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July 16, 2019

Disparities in access to quality treatment play a role in every aspect of health care and health outcomes, and the opioid crisis is no different. While whites and men continue to experience the highest rates of opioid misuse and deaths from opioid overdose, studies show that minorities and poor people with opioid use disorders remain at a disadvantage when it comes to accessing appropriate treatment and that women face greater barriers to both treatment and overdose reversal than men do.

The approval of buprenorphine in 2002 was a milestone in opioid addiction treatment, because it made a powerful and relatively safe partial agonist treatment available for the first time in doctors’ offices. But it has been predominantly white patients who have been able to take advantage of it. A new study in JAMA Psychiatry based on nationally representative data from the National Ambulatory Medical Care Survey and the National Hospital Ambulatory Medical Care Survey found that white individuals and those with private insurance or who are able to pay out of pocket are much more likely than others to receive buprenorphine.

A retrospective cohort study of patients receiving buprenorphine from one large urban clinic found that minority patients were much less likely than whites to be retained in treatment for at least 1 year. Finally, a study published in JAMA Pediatrics in 2017 found that non-Hispanic black and Hispanic youth were less likely to receive treatment with buprenorphine or naltrexone than were non-Hispanic white youth.

While the choice of medication should be determined by the severity and other characteristics of an individual’s opioid use disorder, a study of patients using Veterans Health Administration treatment services found that demographics were more often the determining factor. Minorities were much more likely to receive methadone than buprenorphine.

There are also care disparities related to gender: Women with opioid use disorder are less likely to access treatment and other services compared with men. The JAMA Pediatrics study discussed above found that females were less likely than males to be prescribed buprenorphine or naltrexone for their opioid use disorder. Pregnant women may be at a particular disadvantage, both because they may be hesitant to seek treatment due to fear of legal repercussions and because of provider discrimination. A study last Winter in the journal Substance Abuse found that providers of opioid agonist treatment in four Appalachian states often would not treat pregnant women. This is particularly troubling since buprenorphine and methadone have been shown to be safe for pregnant women.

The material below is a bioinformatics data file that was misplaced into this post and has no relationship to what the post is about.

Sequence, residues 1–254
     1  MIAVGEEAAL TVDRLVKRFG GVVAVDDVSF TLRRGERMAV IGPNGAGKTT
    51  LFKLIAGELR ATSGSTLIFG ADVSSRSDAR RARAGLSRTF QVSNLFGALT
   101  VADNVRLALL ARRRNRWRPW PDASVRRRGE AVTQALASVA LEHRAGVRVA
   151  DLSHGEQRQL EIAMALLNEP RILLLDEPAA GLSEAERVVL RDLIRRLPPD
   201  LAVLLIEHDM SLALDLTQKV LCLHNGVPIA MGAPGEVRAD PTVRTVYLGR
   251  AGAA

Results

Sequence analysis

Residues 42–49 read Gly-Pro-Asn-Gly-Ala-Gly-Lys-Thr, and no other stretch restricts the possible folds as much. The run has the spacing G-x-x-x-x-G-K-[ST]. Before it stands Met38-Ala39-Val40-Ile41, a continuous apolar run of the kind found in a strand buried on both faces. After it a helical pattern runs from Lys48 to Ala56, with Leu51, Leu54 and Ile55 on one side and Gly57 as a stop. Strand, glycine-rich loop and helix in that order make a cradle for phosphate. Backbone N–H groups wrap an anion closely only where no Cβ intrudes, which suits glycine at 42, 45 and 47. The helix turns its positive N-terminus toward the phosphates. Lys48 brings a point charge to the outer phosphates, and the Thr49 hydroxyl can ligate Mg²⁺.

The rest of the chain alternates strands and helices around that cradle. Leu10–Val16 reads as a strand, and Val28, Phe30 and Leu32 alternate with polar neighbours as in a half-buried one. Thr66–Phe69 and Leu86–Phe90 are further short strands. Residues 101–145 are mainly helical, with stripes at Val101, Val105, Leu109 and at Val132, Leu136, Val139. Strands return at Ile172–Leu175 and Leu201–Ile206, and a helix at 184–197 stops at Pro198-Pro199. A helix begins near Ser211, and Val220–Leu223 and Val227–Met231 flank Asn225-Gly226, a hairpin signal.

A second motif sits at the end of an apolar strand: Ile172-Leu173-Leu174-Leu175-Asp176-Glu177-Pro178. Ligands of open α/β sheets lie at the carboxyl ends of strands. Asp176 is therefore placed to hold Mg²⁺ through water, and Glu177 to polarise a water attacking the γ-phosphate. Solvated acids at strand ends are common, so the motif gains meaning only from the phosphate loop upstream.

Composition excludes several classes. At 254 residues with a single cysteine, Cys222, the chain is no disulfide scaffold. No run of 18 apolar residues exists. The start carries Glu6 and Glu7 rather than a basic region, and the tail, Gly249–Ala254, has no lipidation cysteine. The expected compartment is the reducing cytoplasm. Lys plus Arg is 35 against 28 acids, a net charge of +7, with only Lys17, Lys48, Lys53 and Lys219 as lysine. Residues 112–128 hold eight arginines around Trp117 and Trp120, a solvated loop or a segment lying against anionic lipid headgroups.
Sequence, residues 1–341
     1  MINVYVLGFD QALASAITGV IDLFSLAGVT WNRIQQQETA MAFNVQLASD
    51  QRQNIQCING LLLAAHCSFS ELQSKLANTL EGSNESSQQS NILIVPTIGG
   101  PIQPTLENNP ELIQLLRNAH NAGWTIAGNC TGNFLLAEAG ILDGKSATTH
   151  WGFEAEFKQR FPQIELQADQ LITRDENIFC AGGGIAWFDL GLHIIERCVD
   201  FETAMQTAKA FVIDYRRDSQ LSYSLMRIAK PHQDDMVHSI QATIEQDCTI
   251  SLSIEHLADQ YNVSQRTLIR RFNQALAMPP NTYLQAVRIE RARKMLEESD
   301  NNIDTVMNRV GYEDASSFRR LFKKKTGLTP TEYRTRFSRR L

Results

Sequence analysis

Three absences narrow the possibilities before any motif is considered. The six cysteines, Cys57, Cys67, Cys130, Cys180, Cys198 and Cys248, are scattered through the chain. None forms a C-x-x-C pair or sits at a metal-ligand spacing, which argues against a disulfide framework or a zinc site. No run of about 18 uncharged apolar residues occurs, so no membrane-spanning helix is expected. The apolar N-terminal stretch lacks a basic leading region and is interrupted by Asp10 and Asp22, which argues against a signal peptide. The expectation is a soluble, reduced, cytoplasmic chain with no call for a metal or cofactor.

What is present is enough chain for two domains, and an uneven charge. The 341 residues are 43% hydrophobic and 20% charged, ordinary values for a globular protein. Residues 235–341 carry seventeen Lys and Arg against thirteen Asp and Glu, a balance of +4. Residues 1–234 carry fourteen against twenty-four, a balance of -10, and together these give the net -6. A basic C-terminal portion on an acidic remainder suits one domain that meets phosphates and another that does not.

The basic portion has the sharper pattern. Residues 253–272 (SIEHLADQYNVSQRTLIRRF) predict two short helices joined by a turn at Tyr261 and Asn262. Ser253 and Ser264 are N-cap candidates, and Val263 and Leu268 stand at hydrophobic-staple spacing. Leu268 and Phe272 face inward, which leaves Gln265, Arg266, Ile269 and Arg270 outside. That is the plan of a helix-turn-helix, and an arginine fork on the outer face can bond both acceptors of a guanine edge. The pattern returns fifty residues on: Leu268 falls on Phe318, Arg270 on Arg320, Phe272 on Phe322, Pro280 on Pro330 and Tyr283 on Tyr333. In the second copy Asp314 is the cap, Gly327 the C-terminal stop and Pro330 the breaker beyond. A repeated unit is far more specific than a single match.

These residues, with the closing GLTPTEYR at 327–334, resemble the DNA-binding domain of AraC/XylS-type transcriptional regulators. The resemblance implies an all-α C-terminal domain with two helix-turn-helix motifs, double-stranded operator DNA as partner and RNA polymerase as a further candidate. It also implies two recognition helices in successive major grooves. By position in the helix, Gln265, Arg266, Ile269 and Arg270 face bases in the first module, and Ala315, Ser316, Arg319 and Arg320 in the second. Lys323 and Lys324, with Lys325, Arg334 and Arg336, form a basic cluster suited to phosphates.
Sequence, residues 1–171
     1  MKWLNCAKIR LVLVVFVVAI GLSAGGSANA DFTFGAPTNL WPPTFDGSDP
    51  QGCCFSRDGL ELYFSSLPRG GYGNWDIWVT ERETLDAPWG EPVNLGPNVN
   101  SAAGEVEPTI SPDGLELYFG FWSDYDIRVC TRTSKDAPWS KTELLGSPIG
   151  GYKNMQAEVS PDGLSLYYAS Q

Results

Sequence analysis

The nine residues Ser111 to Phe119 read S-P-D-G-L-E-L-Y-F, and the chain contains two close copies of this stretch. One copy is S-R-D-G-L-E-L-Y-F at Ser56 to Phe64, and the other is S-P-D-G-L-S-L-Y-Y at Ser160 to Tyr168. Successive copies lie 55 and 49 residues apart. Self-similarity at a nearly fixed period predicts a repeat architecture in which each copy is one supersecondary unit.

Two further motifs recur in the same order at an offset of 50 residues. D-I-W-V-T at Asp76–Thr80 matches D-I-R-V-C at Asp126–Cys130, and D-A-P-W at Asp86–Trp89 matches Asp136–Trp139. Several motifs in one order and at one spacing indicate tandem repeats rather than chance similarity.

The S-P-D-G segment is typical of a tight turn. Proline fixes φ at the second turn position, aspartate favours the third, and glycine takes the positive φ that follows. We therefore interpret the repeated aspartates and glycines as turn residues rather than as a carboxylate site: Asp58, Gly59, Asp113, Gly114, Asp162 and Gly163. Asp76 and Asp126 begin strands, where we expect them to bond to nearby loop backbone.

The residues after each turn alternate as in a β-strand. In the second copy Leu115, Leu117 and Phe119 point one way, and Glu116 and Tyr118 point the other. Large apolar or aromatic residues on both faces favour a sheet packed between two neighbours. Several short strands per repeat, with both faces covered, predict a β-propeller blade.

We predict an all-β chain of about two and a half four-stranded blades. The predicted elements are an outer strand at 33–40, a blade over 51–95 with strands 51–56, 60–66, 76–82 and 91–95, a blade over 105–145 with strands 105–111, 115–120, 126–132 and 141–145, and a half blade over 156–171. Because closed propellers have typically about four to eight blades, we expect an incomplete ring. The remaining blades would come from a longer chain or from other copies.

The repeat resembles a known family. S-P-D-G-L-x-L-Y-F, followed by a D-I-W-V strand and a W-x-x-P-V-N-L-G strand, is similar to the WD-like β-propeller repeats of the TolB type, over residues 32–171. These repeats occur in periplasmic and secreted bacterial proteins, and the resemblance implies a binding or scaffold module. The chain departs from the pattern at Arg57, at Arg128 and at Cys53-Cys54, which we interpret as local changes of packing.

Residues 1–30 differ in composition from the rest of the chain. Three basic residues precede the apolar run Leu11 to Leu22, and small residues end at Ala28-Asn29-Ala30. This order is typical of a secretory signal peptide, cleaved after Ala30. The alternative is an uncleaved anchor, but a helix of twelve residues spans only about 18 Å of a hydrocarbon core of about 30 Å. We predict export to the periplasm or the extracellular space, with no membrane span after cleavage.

Women also may not be receiving naloxone as often as men when they overdose. One 2016 study found that women who were overdosing from an opioid were almost three times less likely to receive naloxone from Emergency Medical Services (EMS) than men.

Even though whites and men continue to bear the heaviest brunt of opioid addiction, overdose deaths are rising at higher rates among certain minorities such as American Indians and African Americans, reflecting the ever-transforming nature of the opioid crisis. As we work to integrate addiction care into the wider healthcare system, it is important make sure that the same high standards of evidence-based addiction treatment and emergency services are available to all people with opioid use disorder, regardless of race, gender, or class. To ensure that quality healthcare is a right and not a privilege of certain groups, we must seek to address disparities that affect who is able to access care and the quality of care that is received. Promoting awareness of these disparities is the first step to finding solutions.

National Institutes on Drug Abuse

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